"With their parallel lives, animals offer man a companionship different from any offered by human exchange. Different because it is a
companionship offered to the loneliness of man as a species."
— John Berger, About Looking

It is hard to believe that some scientists as well as large numbers of other people persist in the outmoded view that animals don't feel in ways that are similar to human emotions. We can recall times when we've been criticized for honoring animal feelings and have been told that we are just anthropomorphizing animals. Yet many studies point to instances when dolphins, elephants, monkeys, and other beings have been seen expressing joy, grief, and the need to get more attention.

Richard Louv is an exceptionally committed, creative, and energetic author who has 10 books to his credit including the bestseller Last Child in the Woods: Saving Our Children from Nature-Deficit Disorder.That book launched a movement to reconnect children with nature. This time around, Louv focuses on connecting all of us to other animals, both wild and domestic. He begins by encouraging nature psychologists, theologians, trackers, teachers, physicians, and traditional healers to share their animal stories, and he adds some of his own.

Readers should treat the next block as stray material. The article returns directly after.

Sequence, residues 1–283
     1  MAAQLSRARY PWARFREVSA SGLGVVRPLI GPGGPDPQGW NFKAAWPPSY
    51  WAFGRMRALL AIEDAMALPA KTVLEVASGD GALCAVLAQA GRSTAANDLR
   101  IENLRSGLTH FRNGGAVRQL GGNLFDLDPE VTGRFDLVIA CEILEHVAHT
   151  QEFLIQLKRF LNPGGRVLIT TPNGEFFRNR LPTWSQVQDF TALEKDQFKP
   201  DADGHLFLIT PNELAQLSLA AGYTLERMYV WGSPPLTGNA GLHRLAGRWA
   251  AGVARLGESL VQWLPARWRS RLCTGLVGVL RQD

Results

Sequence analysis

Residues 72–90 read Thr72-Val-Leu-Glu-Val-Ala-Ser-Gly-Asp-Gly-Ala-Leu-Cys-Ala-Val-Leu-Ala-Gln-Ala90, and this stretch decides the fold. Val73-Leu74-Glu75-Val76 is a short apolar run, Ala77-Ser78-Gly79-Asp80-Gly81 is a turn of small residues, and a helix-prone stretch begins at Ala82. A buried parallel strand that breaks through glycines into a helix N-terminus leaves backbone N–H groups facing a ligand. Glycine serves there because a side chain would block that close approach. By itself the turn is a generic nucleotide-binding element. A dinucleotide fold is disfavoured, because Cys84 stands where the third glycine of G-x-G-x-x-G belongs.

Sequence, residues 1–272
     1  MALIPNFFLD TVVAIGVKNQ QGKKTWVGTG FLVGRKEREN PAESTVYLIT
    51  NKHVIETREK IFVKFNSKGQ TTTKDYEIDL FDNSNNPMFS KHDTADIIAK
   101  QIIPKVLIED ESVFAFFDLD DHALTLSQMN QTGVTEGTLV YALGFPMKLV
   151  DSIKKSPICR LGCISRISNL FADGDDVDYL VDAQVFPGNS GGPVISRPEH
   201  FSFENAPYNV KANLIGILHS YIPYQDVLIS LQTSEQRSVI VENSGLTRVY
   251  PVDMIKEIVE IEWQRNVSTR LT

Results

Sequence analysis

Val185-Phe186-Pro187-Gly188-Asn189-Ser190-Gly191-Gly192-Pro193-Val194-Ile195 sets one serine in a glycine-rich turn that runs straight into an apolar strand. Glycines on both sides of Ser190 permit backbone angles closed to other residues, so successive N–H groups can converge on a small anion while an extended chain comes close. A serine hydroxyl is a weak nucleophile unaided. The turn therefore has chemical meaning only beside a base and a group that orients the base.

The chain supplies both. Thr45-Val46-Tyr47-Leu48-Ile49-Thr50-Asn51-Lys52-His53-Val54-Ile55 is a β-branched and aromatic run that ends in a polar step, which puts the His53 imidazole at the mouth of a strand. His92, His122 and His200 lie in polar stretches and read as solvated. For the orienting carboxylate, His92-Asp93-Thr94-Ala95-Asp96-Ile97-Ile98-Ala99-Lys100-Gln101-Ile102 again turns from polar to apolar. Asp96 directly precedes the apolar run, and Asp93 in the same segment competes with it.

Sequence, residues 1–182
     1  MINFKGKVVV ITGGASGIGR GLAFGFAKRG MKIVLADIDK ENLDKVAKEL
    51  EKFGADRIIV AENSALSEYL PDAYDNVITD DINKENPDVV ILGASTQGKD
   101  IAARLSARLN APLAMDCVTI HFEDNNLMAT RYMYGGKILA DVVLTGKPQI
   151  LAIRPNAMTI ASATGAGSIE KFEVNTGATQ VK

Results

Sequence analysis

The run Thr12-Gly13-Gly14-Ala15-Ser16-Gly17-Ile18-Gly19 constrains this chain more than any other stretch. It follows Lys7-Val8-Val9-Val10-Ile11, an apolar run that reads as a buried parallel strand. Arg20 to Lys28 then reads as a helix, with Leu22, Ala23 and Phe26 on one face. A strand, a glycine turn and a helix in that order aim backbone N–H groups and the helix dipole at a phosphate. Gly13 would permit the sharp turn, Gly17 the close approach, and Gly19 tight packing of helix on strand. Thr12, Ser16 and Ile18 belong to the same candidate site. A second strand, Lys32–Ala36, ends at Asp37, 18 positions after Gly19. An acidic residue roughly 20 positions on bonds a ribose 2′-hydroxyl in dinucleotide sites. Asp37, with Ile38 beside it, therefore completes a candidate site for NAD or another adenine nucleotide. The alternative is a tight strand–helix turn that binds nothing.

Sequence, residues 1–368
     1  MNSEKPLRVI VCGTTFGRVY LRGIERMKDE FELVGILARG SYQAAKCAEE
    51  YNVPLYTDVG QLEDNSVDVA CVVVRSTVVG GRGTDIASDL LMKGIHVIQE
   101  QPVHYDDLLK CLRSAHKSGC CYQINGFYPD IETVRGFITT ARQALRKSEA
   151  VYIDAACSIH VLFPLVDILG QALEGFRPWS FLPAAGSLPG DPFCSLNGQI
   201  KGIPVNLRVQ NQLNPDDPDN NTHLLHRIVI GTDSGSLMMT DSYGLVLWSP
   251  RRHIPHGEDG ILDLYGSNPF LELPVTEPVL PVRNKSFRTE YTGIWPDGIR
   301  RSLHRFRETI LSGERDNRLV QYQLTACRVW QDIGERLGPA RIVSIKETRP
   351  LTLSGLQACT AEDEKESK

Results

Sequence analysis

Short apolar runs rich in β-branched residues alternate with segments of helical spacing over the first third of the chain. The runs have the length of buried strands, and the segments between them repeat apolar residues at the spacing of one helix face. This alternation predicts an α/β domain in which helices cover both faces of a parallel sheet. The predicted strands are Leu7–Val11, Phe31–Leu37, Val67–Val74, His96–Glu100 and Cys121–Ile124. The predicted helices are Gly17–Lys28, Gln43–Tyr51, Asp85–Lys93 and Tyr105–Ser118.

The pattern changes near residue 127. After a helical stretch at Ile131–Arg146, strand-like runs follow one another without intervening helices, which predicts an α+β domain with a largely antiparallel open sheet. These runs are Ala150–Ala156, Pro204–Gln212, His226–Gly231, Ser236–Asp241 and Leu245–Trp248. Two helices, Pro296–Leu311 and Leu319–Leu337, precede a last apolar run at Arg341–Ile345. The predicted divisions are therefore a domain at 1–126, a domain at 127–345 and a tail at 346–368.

"And only then, when I have learned enough,
I will go to watch the animals, and let
something of their composure slowly glide
into my limbs; will see my own existence
deep in their eyes. . . ."
-- Rainer Maria Rilke, "Requiem for a Friend"

In these catastrophic times, Louv finds examples of positive relationships with animals. Many people are offering healing and help by adopting rescue pets. "New Noahs" who are committed to preserving and saving wildlife, are creating habitats where animals can be safe, even in dangerous parts of the world.

Louv also looks at some of the thousands of studies that have shown that "our relationships with other-than-human beings can also have a profoundly positive impact on our health, our spirit, and our sense of inclusiveness in the world." The implications of these findings are far-reaching. Animal companions can help us address loneliness. They provide support services for the sick, the handicapped, the poor, and those barely existing on the edges of society. With great empathy, Richard Louv praises "the mind altering power of deep animal connection." He probes the nature of the animal lover and examines lessons learned about them through brain scans.

Our Wild Calling is a fascinating book, filled with stories that will touch your heart and fill you with wonder. Best of all, Louv shows what can happen when radical respect for animals reigns in the world.